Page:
If he's healthy and up to the task, Washington could provide depth in the Patriots' search for a third-down back.

In any case, there's still a lot of value for a player like Washington, who can offer his dynamic skills in the return game no matter what the circumstance.



All the backs on the Patriots depth chart have clear-cut roles in the offense, with Ridley being the closest thing the Patriots have to a complete back. Bolden is a both better short-yardage and goal-line back, while Vereen and Washington have skills that make them valuable on third down and in other passing situations. Blount is something of an enigma; he has the body for a short-yardage back, and can be effective in that role at times, but he leaves something to be desired there.

Although Ridley was the only back with over 70 carries last year, both Blount (201 carries in 2010, 184 carries in 2011) and Washington (151 carries in 2006 and 70-plus carries from 2007-2009) have both been the top or second option in an NFL backfield.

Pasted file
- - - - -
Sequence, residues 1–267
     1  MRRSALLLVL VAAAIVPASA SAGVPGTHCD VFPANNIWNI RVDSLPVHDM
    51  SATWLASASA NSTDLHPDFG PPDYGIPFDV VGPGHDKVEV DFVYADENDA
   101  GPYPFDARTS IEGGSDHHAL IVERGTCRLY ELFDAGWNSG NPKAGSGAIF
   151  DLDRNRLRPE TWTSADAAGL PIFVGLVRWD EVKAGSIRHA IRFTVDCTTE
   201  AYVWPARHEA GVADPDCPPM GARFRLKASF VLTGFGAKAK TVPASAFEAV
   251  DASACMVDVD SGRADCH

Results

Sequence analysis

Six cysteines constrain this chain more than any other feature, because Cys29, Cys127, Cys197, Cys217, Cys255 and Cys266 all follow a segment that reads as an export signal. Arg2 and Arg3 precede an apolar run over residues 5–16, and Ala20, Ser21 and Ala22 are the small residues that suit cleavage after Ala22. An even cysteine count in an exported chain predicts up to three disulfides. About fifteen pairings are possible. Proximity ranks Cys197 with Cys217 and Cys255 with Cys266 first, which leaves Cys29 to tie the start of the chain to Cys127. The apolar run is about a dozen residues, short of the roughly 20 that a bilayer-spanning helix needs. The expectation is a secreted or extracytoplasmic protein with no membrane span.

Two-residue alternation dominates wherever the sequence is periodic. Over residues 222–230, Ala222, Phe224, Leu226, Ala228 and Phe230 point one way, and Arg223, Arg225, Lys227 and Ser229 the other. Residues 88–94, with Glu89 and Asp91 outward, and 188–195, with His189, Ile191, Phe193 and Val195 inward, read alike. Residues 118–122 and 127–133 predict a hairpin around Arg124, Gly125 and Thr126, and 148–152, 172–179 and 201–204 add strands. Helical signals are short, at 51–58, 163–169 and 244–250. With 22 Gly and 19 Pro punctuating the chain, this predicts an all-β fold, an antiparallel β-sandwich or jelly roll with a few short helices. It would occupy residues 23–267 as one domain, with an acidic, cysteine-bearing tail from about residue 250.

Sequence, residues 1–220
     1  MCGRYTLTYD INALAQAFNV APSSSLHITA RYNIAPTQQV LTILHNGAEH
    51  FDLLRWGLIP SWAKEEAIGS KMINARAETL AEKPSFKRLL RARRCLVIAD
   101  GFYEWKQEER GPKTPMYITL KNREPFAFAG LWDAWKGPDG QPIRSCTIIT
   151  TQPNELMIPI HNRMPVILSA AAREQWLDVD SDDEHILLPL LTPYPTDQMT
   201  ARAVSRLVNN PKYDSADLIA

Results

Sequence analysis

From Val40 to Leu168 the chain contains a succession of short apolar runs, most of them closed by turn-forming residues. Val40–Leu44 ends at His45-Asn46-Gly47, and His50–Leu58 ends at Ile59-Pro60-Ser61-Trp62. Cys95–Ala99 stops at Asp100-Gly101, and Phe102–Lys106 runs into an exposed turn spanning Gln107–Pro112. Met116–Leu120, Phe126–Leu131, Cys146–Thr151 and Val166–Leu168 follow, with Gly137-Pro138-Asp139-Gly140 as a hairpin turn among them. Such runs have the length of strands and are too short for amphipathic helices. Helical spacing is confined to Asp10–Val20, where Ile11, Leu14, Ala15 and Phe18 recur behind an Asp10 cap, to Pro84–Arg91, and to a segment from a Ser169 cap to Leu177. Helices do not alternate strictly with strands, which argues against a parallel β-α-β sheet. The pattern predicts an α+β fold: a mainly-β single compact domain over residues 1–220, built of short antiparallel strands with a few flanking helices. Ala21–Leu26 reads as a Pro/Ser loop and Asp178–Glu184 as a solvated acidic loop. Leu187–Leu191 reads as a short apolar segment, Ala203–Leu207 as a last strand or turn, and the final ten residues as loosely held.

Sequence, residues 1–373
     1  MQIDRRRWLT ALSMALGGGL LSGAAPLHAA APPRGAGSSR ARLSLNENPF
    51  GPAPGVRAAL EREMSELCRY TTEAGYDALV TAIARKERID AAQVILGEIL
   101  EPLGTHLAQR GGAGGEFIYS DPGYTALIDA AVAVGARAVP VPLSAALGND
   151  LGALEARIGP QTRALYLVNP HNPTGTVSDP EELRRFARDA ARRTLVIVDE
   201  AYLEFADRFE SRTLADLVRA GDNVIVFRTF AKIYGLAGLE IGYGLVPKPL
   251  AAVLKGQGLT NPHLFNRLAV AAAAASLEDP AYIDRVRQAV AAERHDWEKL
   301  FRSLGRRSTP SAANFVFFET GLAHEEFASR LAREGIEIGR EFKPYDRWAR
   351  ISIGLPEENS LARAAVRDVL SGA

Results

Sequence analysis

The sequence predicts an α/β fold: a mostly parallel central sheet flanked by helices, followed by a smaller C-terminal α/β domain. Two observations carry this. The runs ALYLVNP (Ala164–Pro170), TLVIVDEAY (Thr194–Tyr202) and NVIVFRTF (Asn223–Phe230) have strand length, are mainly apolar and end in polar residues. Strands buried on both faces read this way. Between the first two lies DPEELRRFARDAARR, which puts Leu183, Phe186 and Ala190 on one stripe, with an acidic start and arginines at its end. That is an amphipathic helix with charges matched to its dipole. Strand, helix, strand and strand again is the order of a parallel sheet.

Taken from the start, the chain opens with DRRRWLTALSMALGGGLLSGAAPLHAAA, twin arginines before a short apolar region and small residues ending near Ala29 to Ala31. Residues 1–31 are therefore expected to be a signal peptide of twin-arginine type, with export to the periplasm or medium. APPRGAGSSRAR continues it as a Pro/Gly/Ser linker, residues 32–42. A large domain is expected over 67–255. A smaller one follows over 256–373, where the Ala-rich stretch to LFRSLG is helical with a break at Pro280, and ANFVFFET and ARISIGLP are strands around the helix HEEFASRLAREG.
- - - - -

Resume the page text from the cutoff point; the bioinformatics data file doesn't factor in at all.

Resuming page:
Whether we'll see the Patriots put multiple backs on the field at a time remains a big question mark. Josh McDaniels has never been a big proponent of two-back sets, and the Patriots still have some talent at receiver despite having lost both Wes Welker and Aaron Hernandez this offseason.

If we were to see two backs on the field at once for the Patriots, it would likely be to pair one of the true runners like Ridley, Bolden or Blount with a pass-catching back like Vereen or Washington. That sort of combination would maintain the threat of the run while potentially creating a mismatch in the passing game.

Of course, all five backs must first make the roster (with a focus on Blount in that regard) for any of this to carry weight.


Erik Frenz is also a Patriots/AFC East writer for Unless otherwise noted, all stats obtained from the network and all quotes obtained firsthand or via team press releases.